This week’s reading in the ACE Report focused on a myriad of issues concerning Internationalizing Higher Education Worldwide and highlighted additional key elements to build upon our previous readings.  For example, in the context of cross-border education, the concept of mobility as a cornerstone of international higher education policies was discussed as well as the crucial role of “other influencers” and the central role of national governments.  Cross-border education has been defined as “the movement of people, programmes, providers, curricula, projects, research and services, across national or regional jurisdictional borders” (ACE Report, p. 38).  This week’s reading highlighted the “importance of jurisdictional boundaries when it comes to policy frameworks and regulations” (ACE Report, p. 38).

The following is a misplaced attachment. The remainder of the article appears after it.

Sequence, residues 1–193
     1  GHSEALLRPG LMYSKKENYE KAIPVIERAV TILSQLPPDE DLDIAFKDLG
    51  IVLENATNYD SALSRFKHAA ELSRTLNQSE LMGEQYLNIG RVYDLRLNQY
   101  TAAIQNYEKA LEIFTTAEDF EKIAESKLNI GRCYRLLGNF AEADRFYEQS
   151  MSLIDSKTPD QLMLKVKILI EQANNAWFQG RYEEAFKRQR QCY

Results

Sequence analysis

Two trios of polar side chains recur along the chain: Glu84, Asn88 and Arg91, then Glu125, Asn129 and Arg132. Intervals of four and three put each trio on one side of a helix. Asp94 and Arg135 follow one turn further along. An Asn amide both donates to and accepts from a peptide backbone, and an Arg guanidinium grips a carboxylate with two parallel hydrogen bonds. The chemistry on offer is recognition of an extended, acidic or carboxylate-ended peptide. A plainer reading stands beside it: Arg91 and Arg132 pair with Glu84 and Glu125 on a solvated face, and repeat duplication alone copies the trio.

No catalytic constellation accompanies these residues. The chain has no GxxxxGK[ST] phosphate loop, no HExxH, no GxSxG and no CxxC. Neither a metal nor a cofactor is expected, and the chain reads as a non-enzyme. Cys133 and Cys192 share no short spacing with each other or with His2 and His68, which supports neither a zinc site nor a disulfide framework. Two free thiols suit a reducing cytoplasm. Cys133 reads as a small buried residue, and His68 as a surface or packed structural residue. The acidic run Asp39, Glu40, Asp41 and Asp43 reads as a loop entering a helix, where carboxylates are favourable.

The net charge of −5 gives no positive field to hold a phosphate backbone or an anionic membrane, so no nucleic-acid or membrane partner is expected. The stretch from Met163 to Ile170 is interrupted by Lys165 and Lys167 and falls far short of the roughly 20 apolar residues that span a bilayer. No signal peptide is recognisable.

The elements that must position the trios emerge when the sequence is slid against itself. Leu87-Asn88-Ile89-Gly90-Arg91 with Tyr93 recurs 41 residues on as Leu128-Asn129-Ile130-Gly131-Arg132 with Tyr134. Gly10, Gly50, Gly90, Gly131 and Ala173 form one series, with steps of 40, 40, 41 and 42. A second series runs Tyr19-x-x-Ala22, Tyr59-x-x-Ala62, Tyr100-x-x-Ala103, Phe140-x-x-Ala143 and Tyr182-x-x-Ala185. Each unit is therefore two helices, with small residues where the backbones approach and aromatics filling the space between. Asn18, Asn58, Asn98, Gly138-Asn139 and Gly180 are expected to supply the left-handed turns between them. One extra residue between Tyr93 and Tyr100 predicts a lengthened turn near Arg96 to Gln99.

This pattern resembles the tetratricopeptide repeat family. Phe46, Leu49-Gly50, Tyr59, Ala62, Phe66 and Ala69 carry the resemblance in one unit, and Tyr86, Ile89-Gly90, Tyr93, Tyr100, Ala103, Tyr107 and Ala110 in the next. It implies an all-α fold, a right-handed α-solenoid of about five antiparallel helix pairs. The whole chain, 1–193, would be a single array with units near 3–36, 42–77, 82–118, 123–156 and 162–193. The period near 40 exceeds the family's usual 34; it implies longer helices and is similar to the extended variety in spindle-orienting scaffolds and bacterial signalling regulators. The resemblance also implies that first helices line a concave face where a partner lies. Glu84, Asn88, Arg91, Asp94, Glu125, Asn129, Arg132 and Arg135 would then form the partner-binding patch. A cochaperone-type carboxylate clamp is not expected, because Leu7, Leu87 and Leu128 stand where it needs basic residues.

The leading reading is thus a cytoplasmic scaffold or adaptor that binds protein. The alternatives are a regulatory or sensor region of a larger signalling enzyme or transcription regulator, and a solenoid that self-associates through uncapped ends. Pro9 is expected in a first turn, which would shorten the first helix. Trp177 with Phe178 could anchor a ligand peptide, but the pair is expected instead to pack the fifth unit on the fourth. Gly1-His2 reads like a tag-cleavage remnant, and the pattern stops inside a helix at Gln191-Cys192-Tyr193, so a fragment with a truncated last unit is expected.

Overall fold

While in previous readings, I had focused on the role of regional governments, particularly in Asia, this week emphasized the key role national governments play in regulating cross-border educational activity.  I was particularly intrigued by the regulatory policy example of India.  As the reading details, while India is one of the largest exporters of students seeking higher educational opportunities outside of India, the country has a definitive international higher education policy regulating cross-border activity within its own boundaries. This fact was somewhat surprising to me and I wonder if it fosters notions of reciprocal benefits and common values in the internationalization arena or stymies those goals.